Layout & Parking

Ban-y-Gor layout mapOnce you have been deposited at the foot of the crag it consists of two main sections: the Escarpment, a long 12m high crag with numerous overhangs and bulges which is terminated by a gully at its left-hand side complete with a set of ladders.

The Main Crag lies to the left of this and is in itself composed of four tiers of which the bottom two merge to give the climbing.

The path below the escarpment is easily followed with little vegetation underfoot. Once the Crawl Buttress is reached this gives a difficult passage onto its left-hand side via a vague terrace and then on into the Ladder Gully and the Main Crag beyond.

The Main Crag is easily traversed below up until spring time when a large degree of vegetation can lie below the face. With popularity and the eventual rebolting of the crag this will not be a problem (?!)


As is clear the main crag consists of a cliff composed of four tiers the bottom two of which form the area of climbing so described. The terrace above these ‘merged’ tiers is densely vegetated which has led to the majority of routes being equipped with lower-offs. In an effort to popularized the crag most of the routes again posses some form of fixed protection (mostly bolts) and in a lot of cases are complete sport routes. For the remaining routes it is necessary to carry some form of natural protection: small and medium wires plus Friends but it is important to stress that this situation is under review with the intention of equipping even the easiest routes with fixed protection.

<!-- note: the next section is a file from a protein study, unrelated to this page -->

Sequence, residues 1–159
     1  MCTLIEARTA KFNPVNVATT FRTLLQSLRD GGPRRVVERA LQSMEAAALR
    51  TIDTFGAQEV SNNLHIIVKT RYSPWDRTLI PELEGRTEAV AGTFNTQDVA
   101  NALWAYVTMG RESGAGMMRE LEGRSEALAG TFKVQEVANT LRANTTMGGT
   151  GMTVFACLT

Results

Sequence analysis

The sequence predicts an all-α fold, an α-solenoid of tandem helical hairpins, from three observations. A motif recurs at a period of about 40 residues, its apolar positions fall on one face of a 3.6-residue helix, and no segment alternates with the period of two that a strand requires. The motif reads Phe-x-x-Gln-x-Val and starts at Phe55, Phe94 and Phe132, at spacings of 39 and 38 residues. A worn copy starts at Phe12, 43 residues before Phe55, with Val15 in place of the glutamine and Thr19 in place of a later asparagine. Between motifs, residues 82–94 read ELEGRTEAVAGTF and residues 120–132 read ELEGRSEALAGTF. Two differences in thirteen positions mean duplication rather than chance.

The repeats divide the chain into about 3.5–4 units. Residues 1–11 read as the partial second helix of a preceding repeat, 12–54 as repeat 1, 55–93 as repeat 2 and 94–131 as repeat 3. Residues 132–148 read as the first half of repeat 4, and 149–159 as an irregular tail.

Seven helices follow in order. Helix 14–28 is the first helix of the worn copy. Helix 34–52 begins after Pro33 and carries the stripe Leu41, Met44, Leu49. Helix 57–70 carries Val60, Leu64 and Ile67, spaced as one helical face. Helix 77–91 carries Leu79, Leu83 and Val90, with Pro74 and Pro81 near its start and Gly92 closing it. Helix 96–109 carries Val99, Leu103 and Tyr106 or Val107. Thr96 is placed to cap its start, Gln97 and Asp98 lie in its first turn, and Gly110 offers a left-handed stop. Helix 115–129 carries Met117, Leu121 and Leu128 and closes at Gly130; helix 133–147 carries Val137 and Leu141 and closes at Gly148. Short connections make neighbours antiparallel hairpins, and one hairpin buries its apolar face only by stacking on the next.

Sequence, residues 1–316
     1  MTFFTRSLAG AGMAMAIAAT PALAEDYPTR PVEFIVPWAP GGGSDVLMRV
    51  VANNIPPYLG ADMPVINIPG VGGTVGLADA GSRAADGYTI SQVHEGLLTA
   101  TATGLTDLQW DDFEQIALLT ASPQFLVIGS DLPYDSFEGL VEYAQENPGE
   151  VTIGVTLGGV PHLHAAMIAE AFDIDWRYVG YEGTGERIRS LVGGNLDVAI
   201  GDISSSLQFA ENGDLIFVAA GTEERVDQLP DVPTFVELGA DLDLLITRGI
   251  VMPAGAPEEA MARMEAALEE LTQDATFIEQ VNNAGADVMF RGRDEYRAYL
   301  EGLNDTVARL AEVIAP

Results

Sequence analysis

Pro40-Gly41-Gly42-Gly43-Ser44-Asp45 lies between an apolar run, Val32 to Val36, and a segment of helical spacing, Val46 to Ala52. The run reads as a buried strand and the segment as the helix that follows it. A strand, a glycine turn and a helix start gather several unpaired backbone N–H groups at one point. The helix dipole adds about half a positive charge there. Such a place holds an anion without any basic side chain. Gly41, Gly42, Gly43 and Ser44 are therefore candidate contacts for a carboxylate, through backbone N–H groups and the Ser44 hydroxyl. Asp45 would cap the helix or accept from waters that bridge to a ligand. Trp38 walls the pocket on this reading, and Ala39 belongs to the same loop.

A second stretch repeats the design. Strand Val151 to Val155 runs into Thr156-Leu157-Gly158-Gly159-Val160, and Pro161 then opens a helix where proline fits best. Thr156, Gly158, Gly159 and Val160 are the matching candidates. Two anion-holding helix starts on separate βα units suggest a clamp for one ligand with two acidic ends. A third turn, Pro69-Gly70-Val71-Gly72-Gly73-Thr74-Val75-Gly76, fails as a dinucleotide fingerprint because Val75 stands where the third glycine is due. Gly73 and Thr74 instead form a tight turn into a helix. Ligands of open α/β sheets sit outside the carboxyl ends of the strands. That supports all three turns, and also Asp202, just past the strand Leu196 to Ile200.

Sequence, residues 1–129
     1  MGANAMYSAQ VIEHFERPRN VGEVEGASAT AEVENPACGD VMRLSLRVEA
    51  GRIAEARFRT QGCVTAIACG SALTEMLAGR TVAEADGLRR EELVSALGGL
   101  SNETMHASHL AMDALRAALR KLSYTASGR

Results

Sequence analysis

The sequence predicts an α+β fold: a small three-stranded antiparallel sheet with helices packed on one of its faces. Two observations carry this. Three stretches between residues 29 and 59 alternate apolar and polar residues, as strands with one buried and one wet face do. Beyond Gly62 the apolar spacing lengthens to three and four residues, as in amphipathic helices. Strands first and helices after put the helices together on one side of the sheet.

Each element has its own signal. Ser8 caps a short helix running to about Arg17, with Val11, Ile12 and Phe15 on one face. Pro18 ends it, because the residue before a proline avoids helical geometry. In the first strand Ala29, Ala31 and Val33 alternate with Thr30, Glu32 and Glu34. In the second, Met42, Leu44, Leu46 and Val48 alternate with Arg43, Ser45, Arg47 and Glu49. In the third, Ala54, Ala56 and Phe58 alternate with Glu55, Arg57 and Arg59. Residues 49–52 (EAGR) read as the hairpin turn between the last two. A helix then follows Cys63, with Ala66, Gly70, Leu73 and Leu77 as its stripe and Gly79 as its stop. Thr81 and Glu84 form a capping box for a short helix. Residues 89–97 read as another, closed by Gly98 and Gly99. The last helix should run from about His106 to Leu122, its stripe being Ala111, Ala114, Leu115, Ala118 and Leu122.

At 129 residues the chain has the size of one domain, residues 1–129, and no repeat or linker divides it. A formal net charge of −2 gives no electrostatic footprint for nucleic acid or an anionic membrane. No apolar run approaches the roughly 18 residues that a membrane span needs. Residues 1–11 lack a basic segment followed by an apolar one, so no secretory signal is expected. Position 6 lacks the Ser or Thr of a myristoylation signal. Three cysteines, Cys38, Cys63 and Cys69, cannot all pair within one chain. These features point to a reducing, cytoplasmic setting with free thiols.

The Escarpment is in a similar stage of flux although the majority of routes do carry some form of fixed protection. Again this situation will be under review once the Foot and Mouth epidemic has ceased.


The Main Crag is a peculiar cliff in that it takes very little seepage during the winter months and dries very quickly after rain. Its northwest facing nature, together with its setting in a relatively sheltered valley, also make it a very pleasant place to climb. The Escarpment does suffer seepage problems in the winter but once dry, give it roughly a week, will stay dry in the rain if required.